Monday, February 20, 2006

BAFTA salutes Hollywood (largely)

Given the list of nominees, it hardly comes as a surprise. This weekend's Bafta awards overwhelmingly favoured US and UK releases, despite the fact that European cinema is in one of its strong periods. The short overview is that Best Film went to "Brokeback Mountain", Best British Film went to "Wallace and Gromit: Curse of the Were-Rabbit" and Best Original Screenplay went to Paul Haggis/Bobby Moresco for "Crash". Best Film not in the English Language went to Audiard's "The Beat That my Heart Skipped", the only non-English feature. See the full list of Bafta winners here.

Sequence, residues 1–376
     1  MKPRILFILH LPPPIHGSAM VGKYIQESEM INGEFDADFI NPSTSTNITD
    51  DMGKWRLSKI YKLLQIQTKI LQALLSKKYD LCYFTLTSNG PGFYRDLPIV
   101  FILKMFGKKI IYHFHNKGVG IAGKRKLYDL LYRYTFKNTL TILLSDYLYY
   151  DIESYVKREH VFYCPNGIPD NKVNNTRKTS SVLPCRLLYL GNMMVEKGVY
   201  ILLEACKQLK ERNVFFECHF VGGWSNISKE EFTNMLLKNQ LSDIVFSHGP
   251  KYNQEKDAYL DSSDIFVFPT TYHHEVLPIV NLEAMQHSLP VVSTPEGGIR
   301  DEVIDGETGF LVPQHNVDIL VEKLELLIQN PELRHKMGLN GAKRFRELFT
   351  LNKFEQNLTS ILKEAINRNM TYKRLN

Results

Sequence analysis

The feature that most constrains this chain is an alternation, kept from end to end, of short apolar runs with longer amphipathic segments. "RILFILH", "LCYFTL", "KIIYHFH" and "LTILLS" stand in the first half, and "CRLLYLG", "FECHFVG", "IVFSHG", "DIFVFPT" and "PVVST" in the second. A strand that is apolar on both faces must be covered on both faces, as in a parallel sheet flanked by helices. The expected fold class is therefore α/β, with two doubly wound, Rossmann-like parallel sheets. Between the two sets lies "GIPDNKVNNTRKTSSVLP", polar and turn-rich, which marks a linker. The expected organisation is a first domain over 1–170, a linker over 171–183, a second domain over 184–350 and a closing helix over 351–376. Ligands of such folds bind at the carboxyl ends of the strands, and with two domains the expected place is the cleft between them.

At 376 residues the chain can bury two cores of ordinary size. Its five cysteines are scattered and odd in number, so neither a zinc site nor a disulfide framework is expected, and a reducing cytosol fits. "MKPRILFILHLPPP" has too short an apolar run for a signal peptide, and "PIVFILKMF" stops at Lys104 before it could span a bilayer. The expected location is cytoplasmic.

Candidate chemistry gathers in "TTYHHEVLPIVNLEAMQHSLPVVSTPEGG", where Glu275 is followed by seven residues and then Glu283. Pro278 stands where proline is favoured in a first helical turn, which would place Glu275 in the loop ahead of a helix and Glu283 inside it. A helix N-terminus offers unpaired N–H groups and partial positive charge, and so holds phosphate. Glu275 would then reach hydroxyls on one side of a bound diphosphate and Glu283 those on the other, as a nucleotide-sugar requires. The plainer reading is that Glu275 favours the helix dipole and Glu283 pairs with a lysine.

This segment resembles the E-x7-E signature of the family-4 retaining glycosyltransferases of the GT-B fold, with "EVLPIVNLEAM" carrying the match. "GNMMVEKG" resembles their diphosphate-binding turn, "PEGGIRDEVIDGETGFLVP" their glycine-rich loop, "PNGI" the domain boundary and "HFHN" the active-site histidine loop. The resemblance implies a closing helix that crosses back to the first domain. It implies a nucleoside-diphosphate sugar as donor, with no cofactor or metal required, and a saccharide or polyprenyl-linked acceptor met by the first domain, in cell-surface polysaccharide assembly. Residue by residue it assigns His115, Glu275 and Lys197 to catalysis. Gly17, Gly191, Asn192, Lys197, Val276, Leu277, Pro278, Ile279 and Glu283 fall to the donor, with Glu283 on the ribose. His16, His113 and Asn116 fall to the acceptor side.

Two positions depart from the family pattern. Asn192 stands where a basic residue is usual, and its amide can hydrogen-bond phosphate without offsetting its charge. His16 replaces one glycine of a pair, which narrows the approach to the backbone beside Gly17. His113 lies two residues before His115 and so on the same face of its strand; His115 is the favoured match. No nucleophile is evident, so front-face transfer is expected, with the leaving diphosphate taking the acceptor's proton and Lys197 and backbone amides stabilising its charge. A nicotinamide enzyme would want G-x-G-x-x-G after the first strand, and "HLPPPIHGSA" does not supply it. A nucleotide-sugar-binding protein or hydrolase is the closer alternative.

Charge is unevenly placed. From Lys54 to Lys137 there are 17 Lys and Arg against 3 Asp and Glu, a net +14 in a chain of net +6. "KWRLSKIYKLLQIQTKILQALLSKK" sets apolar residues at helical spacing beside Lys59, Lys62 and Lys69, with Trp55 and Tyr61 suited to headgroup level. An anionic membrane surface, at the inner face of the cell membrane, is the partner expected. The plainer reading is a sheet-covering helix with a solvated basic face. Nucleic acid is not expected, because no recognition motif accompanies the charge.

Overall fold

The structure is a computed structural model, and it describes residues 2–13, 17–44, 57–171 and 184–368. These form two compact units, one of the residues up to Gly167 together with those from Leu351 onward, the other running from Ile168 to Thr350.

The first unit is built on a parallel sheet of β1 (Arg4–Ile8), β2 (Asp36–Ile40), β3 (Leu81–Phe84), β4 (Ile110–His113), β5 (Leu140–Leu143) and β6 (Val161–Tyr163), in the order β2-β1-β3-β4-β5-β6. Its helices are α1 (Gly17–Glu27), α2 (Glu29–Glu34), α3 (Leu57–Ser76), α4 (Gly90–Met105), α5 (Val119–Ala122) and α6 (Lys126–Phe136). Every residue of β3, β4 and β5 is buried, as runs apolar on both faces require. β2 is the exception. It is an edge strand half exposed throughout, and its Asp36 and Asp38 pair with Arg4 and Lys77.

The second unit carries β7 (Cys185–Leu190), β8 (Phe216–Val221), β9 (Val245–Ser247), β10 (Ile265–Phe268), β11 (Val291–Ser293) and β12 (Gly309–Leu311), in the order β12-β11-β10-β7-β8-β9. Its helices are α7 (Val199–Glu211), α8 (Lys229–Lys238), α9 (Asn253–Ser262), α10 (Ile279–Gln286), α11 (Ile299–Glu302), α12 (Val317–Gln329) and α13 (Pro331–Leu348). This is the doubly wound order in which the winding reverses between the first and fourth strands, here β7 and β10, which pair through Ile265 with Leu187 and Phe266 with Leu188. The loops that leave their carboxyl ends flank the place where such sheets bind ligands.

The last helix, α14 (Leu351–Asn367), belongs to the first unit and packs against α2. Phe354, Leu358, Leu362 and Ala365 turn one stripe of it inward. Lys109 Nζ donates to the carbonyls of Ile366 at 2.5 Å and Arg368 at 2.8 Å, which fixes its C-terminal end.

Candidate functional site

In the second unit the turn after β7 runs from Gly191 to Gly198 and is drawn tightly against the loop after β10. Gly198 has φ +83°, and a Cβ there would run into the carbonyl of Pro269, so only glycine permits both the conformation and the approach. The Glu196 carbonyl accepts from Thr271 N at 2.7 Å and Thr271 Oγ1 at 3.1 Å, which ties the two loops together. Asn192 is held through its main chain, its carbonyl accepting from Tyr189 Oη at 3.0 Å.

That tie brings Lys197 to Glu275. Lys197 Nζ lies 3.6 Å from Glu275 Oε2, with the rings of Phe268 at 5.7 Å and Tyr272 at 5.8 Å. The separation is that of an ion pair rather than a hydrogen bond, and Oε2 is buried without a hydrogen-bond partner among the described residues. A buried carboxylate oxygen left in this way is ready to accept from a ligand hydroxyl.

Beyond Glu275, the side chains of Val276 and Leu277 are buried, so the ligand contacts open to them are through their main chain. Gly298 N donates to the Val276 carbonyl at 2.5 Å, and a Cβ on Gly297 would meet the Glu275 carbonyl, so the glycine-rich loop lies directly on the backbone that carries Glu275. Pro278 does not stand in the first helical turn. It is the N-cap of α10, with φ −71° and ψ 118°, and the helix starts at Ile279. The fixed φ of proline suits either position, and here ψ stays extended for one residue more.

I thought maybe this ultra-Anglophone selection reflected a policy on the part of the jury. But having sat on juries, I know they can only choose from what they are offered. So I had a look at the films that were actually entered. See the list here. I'm not sure what to make of it. Does this mean that most French and German (or indeed Asian) producers are not interested in the Baftas, which would surprise me. One of the conditions for entrance is a UK theatrical release. It is even specified that "Films from all countries are eligible in all categories, with the exception of The Alexander Korda Award, The Carl Foreman Award and the Short Film Award." So are so few French and German films released in the UK?

2 comments:

RC said...

I don't know about you, but I was pretty sad that the Constant Gardner didn't get more loving from the BAFTAs.

--RC of strangeculture.blogspot.com

Michael Leahy said...

True, but it did well at the BIFA, which is arguably the more interesting award.